Molnar Wins $10K in Martinique; US Pro Circuit Kicks Off in Florida; Keys Downs Safarova; A Brief History of USTA Junior Competition
The ITF circuit was very quiet last week, with no men's futures anywhere in the world and only two women's events, both of them with $10,000 in total prize money. As I mentioned on twitter, the Martinique tournament didn't have any qualifying, and the draw didn't fill, no doubt due to the time of year and the expense of getting to the Caribbean island, but it was a title, there for the taking.
Sixteen-year-old Indy de Vroome of the Netherlands was in the draw as the No. 2 seed, as was No. 8 seed Denise Starr of the US, one of the few top seniors in the class of 2013 who has not yet announced her college commitment. Starr reached the semifinals while de Vroome lost to Sonja Molnar of Canada in the quarterfinals 3-6, 6-3, 7-6(2). The 22-year-old Molnar, a recent graduate after an all-Big Ten career at the University of Iowa (her profile from hawkeyesports.com is here) went on to win the tournament, defeating top seed and WTA No. 505 Sherazad Benamar of France 6-2, 6-0 this morning in a rain-delayed final. The two are scheduled to play in the first round at this week's $10,000 tournament in St. Martin. Molnar is unseeded this week after being No. 7 last week in Martinique, while Benamar is the No. 2 seed this week.
The US Pro Circuit is underway in Florida, with the men's event in Plantation a $10,000 prize money tournament and the women's in Innisbrook paying out $25,000 in prize money.
The men's qualifying draw was 128, and it was full, with four victories necessary to advance to the main draw. In today's final round of qualifying, Mitchell Krueger played Australian Jason Kubler, the No. 1 seed in qualifying who is again skipping the Australian hard court summer for the Har-Tru of the US Futures, and lost 6-3, 7-6(5). Other notable qualifiers include Kyle Edmund of Great Britain, former UNC All-American Jose Hernandez of the Domincan Republic, Spencer Papa of the US, who beat Liam Broady of Great Britain today and Californian Collin Altamirano, a junior in high school. (His Tennis Recruiting profile is here.)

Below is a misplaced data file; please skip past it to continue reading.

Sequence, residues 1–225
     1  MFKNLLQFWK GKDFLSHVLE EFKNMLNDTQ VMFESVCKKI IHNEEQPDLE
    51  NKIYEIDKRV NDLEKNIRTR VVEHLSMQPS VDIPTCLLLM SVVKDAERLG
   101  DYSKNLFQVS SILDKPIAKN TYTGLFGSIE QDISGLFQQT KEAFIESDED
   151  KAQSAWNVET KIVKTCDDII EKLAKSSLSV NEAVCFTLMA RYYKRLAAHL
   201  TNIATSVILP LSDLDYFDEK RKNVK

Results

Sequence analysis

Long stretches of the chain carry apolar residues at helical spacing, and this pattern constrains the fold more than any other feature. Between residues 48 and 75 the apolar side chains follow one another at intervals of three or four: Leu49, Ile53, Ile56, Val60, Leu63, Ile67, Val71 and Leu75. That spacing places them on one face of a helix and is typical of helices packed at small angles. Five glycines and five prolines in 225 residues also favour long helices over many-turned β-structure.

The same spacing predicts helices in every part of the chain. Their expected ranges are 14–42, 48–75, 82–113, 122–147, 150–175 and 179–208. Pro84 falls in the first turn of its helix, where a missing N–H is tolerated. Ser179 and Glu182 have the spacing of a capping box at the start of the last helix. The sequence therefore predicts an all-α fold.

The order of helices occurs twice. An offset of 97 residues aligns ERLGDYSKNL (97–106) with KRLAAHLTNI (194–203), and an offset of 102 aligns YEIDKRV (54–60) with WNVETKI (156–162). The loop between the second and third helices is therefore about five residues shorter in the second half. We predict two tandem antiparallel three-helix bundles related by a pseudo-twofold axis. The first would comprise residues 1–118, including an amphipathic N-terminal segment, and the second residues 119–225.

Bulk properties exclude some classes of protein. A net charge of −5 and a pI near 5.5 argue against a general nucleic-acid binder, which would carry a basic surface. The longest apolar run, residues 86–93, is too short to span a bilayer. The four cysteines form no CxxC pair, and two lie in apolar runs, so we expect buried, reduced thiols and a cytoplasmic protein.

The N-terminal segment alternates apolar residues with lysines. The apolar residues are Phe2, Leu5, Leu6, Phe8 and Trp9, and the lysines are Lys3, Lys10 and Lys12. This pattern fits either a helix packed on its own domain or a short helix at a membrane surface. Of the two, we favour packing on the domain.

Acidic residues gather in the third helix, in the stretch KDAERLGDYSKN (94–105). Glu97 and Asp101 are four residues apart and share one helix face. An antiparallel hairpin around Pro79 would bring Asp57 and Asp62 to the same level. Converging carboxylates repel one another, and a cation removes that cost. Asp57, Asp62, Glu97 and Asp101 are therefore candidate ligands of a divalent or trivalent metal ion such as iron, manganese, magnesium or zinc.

The most noteworthy qualifying match wasn't in today's final round, but rather yesterday, when Benjamin Balleret of Monaco beat countryman Guillaume Couillard 76(34), 6-1. USA Today's story on the possibility that this was the longest tiebreaker in professional tennis can be found here. The longest tiebreaker I can remember personally witnessing was in a 2007 16s doubles quarterfinal match here in Kalamazoo, which ended with Ryan Noble and Bo Seal taking the first set over Lawrence Formentera and John Huang 23-21. They too went on to a less dramatic set, winning the second 6-3.
The qualifying for the women's event in Innisbrook will not finish until Monday, but the main draw is out. I was hoping that Taylor Townsend and Samantha Crawford would be in it, but neither are, and both have also withdrawn from the $25,000 tournament next week in Port Saint Lucie.
Juniors Katerina Stewart of the US, Viktoriya Tomova of Bulgaria and Belinda Bencic of Switzerland have reached the final round of qualifying in Innisbrook, as have Florida Gators Allie Will (not returning to UF) and Lauren Embree (in her senior year in Gainesville). Former North Carolina Tar Heel Sanaz Marand is also in the final round of qualifying.
Madison Keys, who will be 18 next month, recorded the first Top 20 win of her young career in Sydney, defeating Czech Lucie Safarova, the No. 7 seed, 6-2, 6-1 in the first round. Keys qualified for Sydney with wins over Melinda Czink, Johanna Larsson and Misaki Doi, all in straight sets. At the 2011 US Open, Keys had lost to Safarova in the second round, 3-6, 7-5, 6-4.
As a prelude to Sunday's USTA Listening Meeting on the junior competition changes in Atlanta, Parenting Aces has posted a brief history of the major revisions in the USTA's junior tournament structure, written by Robert Sasseville, a respected junior tournament director from the Southern section. It's enlightening to say the least, even for those of us who have lived through it, to read a concise cause-and-effect synopsis of what changes led to what consequences.